Tesla Autopilot Crash Under NHTSA Investigation - InformationWeek

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Tesla Autopilot Crash Under NHTSA Investigation
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vnewman2
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vnewman2,
User Rank: Ninja
7/8/2016 | 1:13:26 PM
Re: Telsa: Not AutoPilot ? Then Don't Call It That
I agree @Technocrati - make up a new name or just be boring and call it Driving Assist.  Everyone has a preconceived notion for the term "autopilot" and even if Tesla tries to reframe it for their own purposes, not everyone is going to "get" it.
BobbyB269
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BobbyB269,
User Rank: Apprentice
7/7/2016 | 3:41:07 PM
Tesla is not a self-driving car
Tesla's "self-driving" car uses a vigilant-human approach: 

"Tesla notes that Autopilot is meant only to assist drivers, not to replace them. And its onscreen warnings and owner's manual emphasize that drivers should remain vigilant and keep their hands on or near the wheel at all times."  --nytimes.com

Google OTOH, has monitored drivers (employees) while they were driving "vigilant-human approach automobiles" and found the drivers were often profoundly distracted and even napping. They realized that the vigilant-human approach was scary because most humans were lulled into totally trusting the car after hundreds of miles without incident. As a result, Google is approaching it from the perspective that the car must be reliably self-driving, with no steering, no brake pedals and no accelerator pedals. In-other-words, until their cars can drive WITHOUT ANY driver assistance, they are not good enough. 

I figure that in the long run, the only approach that will survive the market and the regulators will be Google's approach to self-driving cars. Tesla will either figure this out or lose the market. 

 
Charlie Babcock
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Charlie Babcock,
User Rank: Author
7/7/2016 | 2:27:50 PM
Auto-pilot: before and after accident
In a June 30 blog, Tesla presented auto-pilot with "lane keeping and automatic braking capabilities – among others – is a driving-assist feature and is not intended to be used as a fully autonomous vehicle technology." That's after the June 7 accident. How did Tesla present auto-pilot to customers before the accident?
Technocrati
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Technocrati,
User Rank: Ninja
7/7/2016 | 2:20:49 PM
Telsa: Not AutoPilot ? Then Don't Call It That

"...Autopilot, despite its name, is intended as an assistive feature rather than an alternative to manual control."

 

 

Tesla should change the naming.  People associate the term in the traditional sense and since anyone who can afford a Tesla thinks these are wonder machines.  It is easy to see how this function could be misconstrued.

Technocrati
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Technocrati,
User Rank: Ninja
7/7/2016 | 2:01:44 PM
Re: Ah, auto-pilot is not equivalent to 'self-driving car'

@Charlie  Thanks for the clarification and to everyone along this thread that understands the issue better than I.  

If nothing else, this might serve to have people think before they entrust their life to a vehicle with Tesla stamped on it.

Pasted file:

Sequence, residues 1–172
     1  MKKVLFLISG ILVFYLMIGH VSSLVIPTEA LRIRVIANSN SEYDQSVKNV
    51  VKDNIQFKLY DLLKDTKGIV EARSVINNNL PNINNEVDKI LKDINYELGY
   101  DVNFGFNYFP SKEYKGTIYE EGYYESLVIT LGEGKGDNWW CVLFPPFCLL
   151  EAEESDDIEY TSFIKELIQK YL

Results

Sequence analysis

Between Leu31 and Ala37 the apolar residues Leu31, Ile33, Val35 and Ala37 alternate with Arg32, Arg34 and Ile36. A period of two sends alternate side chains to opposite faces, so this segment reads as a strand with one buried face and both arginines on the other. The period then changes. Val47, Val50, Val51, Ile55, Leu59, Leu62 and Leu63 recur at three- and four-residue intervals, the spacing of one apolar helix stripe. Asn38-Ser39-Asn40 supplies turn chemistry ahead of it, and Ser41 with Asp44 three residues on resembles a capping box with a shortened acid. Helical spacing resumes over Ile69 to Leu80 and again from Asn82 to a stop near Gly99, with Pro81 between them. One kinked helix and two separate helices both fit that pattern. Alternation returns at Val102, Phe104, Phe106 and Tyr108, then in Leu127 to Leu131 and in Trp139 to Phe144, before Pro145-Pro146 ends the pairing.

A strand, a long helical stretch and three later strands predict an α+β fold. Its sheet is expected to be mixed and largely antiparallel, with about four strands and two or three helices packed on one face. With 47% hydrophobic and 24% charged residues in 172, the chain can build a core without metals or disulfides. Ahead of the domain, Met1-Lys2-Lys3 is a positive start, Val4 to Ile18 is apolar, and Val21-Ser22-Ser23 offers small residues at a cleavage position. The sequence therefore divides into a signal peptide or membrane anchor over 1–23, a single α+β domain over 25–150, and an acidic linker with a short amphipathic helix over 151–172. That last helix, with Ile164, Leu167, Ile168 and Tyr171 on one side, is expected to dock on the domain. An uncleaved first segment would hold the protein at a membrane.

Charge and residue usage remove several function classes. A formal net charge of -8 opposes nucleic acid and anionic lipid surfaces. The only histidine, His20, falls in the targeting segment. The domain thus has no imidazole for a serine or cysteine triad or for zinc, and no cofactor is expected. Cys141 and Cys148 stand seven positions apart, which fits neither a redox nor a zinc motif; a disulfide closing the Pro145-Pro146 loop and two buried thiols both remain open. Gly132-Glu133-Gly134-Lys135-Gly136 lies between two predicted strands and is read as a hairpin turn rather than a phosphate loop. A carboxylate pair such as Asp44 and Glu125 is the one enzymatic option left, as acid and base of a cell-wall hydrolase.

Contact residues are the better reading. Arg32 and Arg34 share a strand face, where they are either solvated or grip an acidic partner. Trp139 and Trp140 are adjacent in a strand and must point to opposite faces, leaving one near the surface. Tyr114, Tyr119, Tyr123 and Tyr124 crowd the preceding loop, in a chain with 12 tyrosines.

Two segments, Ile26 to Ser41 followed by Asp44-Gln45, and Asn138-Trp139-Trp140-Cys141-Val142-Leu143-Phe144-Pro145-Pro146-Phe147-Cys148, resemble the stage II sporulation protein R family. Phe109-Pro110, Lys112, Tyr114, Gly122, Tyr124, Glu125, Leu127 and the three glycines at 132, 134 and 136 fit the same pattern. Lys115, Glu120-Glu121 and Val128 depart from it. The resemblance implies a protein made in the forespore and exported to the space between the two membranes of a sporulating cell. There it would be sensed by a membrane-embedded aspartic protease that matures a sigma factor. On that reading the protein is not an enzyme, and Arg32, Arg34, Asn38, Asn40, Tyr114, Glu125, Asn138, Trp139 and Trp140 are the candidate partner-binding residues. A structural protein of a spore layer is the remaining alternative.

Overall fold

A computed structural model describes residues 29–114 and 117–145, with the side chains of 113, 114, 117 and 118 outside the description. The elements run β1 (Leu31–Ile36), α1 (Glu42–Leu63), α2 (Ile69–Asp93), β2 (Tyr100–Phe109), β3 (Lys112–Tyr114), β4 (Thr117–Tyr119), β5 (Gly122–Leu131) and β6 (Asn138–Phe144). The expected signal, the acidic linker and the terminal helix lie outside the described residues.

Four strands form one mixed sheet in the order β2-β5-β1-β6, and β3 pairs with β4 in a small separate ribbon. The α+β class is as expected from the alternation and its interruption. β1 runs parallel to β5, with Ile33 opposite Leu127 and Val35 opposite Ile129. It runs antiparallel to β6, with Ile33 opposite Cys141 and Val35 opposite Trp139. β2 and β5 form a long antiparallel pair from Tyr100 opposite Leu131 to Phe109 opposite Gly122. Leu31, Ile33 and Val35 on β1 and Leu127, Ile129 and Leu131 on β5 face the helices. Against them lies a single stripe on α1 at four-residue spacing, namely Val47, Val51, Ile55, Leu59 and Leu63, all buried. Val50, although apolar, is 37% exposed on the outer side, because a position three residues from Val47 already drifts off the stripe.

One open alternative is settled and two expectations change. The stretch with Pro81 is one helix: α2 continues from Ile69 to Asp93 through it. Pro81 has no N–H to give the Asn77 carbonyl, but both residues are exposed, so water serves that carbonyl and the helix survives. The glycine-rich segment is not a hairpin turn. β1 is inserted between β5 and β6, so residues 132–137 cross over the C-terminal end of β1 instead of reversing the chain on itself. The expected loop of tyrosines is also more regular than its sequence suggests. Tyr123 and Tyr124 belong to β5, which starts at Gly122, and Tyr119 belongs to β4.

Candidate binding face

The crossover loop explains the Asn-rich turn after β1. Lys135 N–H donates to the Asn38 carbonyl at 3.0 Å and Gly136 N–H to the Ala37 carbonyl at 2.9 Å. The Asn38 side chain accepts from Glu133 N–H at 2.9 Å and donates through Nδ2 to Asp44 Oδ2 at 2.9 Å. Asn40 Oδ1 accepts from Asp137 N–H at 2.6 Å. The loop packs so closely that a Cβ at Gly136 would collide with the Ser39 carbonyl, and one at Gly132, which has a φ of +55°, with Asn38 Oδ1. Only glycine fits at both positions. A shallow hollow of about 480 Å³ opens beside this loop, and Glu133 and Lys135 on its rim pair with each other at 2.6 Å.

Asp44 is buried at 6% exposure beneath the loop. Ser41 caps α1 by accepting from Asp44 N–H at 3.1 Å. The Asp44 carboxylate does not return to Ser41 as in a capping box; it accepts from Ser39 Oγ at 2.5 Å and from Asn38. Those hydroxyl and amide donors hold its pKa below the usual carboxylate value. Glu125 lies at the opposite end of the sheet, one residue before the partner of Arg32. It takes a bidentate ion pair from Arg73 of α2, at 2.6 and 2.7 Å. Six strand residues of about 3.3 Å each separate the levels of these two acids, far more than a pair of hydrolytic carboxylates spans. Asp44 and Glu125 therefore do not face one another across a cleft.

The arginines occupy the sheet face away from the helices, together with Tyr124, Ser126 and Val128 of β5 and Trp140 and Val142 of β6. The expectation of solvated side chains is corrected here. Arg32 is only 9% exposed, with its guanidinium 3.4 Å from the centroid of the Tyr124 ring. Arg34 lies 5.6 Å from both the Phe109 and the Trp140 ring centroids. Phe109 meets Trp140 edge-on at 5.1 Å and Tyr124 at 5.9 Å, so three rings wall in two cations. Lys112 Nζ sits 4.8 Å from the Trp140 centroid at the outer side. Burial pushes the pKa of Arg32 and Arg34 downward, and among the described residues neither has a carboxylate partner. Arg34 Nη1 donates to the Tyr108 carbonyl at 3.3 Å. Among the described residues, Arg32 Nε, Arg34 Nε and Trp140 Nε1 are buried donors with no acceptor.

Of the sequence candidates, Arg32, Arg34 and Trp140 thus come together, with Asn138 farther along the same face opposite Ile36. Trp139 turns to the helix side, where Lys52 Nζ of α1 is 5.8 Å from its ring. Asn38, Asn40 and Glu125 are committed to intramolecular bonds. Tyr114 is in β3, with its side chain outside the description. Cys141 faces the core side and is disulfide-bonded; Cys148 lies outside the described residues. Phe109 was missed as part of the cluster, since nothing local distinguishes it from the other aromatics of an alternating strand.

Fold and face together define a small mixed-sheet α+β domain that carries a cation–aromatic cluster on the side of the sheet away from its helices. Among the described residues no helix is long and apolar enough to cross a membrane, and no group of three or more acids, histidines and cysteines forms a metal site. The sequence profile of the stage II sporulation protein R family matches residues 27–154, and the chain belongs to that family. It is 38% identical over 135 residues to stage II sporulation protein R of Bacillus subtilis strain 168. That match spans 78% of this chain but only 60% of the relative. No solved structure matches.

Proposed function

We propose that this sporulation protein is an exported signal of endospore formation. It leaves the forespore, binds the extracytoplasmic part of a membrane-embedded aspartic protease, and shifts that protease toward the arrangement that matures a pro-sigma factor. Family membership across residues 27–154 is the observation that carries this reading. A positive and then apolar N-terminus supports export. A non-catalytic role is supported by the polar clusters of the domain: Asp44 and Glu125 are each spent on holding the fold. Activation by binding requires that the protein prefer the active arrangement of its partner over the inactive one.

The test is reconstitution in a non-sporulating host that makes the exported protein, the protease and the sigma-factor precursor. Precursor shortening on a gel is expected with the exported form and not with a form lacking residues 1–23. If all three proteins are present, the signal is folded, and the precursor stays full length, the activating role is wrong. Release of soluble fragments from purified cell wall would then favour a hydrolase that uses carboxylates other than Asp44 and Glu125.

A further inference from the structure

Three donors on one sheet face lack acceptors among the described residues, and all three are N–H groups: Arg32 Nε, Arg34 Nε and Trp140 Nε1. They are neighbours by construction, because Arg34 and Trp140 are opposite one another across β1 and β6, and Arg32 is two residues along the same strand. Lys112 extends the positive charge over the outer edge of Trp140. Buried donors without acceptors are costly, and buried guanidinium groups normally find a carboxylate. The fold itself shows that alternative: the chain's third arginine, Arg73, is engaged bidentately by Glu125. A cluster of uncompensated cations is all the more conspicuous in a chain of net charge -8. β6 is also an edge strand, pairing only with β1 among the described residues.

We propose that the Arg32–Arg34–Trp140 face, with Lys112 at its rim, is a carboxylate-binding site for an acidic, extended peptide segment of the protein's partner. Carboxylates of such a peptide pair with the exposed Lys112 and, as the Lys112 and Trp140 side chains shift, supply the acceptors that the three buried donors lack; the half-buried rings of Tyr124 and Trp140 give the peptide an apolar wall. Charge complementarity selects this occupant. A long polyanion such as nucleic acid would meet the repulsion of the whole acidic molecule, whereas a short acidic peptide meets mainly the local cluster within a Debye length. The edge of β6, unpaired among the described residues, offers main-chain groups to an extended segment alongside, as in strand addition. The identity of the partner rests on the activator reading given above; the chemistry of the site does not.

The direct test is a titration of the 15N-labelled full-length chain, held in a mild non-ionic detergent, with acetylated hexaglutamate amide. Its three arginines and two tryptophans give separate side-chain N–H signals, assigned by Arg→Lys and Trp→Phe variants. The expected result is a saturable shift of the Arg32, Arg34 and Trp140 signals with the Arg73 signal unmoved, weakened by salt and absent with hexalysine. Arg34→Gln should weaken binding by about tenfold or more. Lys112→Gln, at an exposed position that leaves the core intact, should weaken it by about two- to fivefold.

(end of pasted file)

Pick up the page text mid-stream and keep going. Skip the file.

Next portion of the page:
jastroff
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jastroff,
User Rank: Ninja
7/7/2016 | 10:56:10 AM
Re: Just some thoughts
Agree. I've always thought cars, etc. were weapons -- they can kill easily. Keep control, always.
jastroff
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jastroff,
User Rank: Ninja
7/7/2016 | 10:56:10 AM
Re: Just some thoughts
Agree. I've always thought cars, etc. were weapons -- they can kill easily. Keep control, always.
Charlie Babcock
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Charlie Babcock,
User Rank: Author
7/6/2016 | 7:37:08 PM
Ah, auto-pilot is not equivalent to 'self-driving car'
In the July 2 New York Times, the headline referred to "A Fatality In A Self-Driving Car Forces Tesla To Confront Its Limits." The car was not a self-driving car. It was a software and sensor-enhanced form of cruise control, with Tesla urging drivers using it to not take their hands off the wheel or attention from the road. I would not prejudge the outcome of the investigation by pillorying the driver. But I certainly urge auto-pilot users to put some limits on total trust in auto-pilot. 
TerryB
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TerryB,
User Rank: Ninja
7/6/2016 | 1:16:13 PM
Re: Just some thoughts
We'll know this technology has made it when it is capable of eliminating an impaired driver from getting a DWI. And even if technology is sound, is society ever going to let the primary "operator" off the hook for staying below the tested level anyway?

To me (not because I'm a big drinker!), this is the killer app of a driverless car. Just replacing the driving work you do only goes towards the convienience/laziness factor human drivers have. But a car in the midwest that can get you home from a bar birthday party without a $40 cab trip (or $200 hotel) or risk of blowing a .085 at a checkpoint has a huge financial and safety benefit. I'd argue the technology is already better than these people that are repeat DWI offenders blowing .24 when pulled over. I'm sure the tech doesn't get on wrong side of divided highway and not know it already. 
vnewman2
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vnewman2,
User Rank: Ninja
7/5/2016 | 4:37:08 PM
Re: Just some thoughts
Agree - what Telsa has implemented is like an "advanced cruise control" - an assisted driver technology much like assisted parking.  But people will treat it like autopilot, as people will do under a false sense of security - and unfortunate accidents like this will be more common.
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